“Where is my baby?” I awoke upset that my belly, which hours before was bulging through my doctor scrubs, had surprisingly been flattened. No one had asked for my permission to deliver my baby. They told me he was delivered emergently — at 32-weeks gestation — to save both our lives.
I was a third-year pediatric resident, the senior for the pediatric ICU, on the night of my son’s birth. My overnight call had just started with an admission of a 12-year-old in pain of a sickle cell crisis. As I began writing up the admitting orders, I felt a sudden descent in my pregnant belly, and then an intense, halting stab of pain down my spine. I thought maybe, I could pass through what I conjured was a contraction, but the spikes of pain were unrelenting — and set in the sirens of an alarm. I quickly stood up. Somewhat conflicted, I began to work some courage to tell my attending faculty doctor that I needed to be seen by my OB doctor. In response to my request, she smirked and without even looking up, dismissed me. The nurse, standing behind her, insisted I take a wheelchair. “You don’t look like you can walk, doctor,” she said.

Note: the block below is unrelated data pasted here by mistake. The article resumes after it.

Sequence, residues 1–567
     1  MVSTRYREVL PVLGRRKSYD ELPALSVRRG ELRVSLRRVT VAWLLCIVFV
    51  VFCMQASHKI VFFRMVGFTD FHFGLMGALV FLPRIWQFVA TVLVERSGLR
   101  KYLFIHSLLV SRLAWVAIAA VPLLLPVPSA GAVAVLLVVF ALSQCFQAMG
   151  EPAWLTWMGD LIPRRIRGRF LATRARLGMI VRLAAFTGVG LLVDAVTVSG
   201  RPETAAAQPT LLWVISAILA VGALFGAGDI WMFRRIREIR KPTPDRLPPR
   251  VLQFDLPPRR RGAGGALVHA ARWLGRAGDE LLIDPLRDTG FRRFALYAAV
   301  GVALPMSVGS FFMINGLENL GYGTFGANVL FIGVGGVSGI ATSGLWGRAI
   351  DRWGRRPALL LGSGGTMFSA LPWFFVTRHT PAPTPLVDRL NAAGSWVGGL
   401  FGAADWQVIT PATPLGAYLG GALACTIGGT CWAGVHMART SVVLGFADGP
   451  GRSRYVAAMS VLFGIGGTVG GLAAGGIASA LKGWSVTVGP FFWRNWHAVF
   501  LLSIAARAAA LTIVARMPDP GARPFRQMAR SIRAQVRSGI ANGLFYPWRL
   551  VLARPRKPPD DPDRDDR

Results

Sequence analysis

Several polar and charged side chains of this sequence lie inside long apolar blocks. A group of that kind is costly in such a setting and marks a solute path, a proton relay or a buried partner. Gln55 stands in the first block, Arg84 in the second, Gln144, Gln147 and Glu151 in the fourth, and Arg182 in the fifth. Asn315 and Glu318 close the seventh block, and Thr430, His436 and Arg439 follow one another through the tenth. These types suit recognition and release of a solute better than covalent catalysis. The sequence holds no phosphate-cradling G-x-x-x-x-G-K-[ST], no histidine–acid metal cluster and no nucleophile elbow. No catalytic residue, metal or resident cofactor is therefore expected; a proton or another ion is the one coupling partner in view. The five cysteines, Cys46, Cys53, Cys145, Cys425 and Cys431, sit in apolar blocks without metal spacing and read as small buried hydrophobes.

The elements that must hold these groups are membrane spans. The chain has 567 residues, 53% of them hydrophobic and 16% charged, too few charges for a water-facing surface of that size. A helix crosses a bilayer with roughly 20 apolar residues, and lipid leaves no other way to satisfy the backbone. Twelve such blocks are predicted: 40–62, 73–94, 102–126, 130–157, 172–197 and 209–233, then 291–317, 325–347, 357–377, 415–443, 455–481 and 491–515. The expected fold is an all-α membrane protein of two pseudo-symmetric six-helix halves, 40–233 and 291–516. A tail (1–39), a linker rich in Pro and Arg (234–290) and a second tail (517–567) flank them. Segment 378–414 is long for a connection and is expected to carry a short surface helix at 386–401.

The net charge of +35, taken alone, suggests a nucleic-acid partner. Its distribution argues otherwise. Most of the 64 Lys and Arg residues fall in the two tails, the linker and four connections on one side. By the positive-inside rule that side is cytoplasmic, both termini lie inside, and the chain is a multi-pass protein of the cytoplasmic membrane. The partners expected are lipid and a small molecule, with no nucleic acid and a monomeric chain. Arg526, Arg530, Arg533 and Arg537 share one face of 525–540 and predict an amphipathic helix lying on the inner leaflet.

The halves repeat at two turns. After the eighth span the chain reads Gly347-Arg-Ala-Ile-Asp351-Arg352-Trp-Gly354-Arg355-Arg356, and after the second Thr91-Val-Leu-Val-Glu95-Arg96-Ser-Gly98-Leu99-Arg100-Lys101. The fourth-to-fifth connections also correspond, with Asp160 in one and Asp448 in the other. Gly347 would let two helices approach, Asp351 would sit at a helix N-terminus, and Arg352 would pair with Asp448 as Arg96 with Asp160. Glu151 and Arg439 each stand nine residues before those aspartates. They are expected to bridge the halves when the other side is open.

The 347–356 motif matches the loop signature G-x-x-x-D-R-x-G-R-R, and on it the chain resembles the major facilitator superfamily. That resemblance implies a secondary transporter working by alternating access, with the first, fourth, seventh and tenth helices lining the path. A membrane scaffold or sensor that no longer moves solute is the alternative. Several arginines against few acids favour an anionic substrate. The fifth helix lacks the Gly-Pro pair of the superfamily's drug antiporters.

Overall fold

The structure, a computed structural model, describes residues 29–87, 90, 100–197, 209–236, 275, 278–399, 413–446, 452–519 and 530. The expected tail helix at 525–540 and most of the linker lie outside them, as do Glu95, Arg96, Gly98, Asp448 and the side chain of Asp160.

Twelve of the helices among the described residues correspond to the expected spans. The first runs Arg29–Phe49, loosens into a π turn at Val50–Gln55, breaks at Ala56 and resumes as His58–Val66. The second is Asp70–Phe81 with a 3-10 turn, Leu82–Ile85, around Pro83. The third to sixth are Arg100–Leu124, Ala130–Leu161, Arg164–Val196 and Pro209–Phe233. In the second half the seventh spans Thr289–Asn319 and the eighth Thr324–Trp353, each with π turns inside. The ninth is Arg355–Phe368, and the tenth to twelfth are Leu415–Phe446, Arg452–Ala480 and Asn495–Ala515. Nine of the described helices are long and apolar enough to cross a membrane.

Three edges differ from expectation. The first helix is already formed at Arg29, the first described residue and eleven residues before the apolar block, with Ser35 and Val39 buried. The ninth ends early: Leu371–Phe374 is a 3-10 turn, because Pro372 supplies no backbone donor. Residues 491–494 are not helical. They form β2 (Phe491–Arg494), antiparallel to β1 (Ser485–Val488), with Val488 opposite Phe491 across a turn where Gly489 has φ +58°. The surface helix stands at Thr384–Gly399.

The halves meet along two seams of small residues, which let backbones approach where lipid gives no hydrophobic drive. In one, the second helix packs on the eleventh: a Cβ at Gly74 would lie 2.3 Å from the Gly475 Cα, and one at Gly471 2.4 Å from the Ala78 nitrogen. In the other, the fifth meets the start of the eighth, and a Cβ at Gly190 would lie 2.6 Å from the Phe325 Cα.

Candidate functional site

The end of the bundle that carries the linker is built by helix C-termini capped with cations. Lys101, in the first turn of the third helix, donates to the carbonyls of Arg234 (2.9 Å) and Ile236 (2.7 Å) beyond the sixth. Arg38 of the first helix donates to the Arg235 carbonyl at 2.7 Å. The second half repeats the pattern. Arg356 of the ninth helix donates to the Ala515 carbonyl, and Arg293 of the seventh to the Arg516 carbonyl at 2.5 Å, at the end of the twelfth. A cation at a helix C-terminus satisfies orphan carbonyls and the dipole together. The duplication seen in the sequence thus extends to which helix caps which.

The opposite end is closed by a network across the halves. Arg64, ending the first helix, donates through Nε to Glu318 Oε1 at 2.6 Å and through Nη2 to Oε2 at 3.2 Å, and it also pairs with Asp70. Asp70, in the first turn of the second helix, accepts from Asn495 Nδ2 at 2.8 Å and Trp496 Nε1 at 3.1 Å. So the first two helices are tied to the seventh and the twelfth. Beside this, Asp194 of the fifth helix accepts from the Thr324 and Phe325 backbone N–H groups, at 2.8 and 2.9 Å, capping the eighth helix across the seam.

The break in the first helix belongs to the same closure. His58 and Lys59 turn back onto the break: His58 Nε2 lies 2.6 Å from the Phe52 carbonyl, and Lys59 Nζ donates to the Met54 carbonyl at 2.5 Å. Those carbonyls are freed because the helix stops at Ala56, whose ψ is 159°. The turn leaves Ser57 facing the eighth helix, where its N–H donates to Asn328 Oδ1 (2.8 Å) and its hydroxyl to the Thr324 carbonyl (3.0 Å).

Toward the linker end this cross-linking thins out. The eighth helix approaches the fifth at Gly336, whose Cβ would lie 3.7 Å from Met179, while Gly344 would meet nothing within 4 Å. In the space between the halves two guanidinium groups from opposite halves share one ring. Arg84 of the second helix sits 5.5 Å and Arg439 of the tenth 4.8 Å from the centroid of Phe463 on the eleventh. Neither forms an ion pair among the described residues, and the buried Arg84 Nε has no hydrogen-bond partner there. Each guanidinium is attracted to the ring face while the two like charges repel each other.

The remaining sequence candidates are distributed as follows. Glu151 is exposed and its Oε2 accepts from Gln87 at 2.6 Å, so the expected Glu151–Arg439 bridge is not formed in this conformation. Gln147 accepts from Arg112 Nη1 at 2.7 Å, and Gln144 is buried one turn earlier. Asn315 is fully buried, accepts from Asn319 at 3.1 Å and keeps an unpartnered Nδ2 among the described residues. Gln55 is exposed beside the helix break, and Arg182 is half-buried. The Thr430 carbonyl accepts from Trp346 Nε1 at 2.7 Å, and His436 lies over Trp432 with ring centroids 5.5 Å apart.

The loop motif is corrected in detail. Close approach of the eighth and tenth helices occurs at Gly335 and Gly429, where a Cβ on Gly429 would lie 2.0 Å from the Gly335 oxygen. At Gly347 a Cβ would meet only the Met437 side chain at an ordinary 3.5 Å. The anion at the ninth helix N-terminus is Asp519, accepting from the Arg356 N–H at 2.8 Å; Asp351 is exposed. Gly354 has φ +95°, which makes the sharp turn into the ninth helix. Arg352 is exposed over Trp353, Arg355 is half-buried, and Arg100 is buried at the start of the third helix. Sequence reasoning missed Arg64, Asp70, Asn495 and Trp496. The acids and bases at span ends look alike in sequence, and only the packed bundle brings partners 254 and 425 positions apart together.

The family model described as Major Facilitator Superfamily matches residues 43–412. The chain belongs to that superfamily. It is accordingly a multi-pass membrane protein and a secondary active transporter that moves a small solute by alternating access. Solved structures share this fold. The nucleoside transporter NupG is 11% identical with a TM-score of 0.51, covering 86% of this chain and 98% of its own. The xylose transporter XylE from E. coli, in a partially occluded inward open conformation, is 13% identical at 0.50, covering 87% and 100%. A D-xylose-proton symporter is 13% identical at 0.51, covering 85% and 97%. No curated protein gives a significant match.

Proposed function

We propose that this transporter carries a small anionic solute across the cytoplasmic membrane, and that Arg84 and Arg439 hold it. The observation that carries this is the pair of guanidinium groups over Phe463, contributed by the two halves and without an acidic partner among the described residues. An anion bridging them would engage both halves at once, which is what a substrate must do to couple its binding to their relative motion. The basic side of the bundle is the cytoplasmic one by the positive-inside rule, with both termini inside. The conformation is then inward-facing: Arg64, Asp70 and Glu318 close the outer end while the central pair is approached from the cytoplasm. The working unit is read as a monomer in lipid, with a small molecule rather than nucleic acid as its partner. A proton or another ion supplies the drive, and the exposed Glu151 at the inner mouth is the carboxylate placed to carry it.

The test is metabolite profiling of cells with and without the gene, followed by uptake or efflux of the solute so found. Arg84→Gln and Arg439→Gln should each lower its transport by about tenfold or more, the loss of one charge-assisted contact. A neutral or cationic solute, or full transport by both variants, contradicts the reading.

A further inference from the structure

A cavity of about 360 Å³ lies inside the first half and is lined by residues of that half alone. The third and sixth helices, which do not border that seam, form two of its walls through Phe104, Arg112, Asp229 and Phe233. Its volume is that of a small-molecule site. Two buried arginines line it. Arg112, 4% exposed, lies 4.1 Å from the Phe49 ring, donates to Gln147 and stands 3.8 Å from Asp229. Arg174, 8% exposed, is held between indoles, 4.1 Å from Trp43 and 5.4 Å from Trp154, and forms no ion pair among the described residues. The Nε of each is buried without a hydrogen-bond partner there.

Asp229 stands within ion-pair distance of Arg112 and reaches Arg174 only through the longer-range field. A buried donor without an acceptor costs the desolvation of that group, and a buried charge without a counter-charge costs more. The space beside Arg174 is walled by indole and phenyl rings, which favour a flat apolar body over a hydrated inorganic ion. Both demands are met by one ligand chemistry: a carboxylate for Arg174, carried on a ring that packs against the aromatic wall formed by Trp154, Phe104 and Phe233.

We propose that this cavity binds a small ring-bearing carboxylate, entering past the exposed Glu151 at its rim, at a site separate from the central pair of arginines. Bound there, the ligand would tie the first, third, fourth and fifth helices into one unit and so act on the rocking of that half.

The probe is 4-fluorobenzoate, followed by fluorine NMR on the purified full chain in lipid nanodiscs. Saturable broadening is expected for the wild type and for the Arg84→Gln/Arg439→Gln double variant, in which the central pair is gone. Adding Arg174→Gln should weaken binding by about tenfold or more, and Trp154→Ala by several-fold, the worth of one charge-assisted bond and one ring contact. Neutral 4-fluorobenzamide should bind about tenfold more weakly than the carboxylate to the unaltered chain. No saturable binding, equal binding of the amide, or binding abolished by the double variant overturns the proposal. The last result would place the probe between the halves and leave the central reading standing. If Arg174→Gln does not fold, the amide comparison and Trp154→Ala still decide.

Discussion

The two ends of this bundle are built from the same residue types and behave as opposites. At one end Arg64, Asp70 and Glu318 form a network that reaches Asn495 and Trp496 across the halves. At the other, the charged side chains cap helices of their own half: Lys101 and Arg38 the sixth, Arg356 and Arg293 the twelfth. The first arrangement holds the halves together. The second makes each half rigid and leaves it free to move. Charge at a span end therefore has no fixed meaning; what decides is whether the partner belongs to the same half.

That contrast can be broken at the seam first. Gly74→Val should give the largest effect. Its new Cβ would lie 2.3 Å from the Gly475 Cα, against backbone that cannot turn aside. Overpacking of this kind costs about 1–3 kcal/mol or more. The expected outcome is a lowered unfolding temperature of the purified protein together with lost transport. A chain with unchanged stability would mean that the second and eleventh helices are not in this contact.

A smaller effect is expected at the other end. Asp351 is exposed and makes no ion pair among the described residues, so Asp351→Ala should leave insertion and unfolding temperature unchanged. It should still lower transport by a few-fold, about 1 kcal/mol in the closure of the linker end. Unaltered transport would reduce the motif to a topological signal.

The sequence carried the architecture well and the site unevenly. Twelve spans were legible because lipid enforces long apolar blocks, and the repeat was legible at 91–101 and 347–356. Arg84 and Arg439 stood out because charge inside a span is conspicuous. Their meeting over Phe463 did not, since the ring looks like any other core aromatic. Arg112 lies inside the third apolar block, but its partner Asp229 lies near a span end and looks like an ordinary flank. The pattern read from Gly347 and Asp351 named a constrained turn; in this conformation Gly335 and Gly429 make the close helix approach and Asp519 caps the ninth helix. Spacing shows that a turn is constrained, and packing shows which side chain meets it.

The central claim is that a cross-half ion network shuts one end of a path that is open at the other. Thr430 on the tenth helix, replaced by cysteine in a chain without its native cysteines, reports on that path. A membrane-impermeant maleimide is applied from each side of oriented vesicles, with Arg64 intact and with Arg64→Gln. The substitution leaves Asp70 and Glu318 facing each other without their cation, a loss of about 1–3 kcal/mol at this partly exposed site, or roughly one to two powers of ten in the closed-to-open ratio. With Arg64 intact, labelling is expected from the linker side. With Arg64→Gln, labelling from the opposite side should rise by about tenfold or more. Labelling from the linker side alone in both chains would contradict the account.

It was 2002 and residents were supposed to be superhuman. We weren’t expected to ask anything for ourselves. This time, however, heeded the nurse’s advice.
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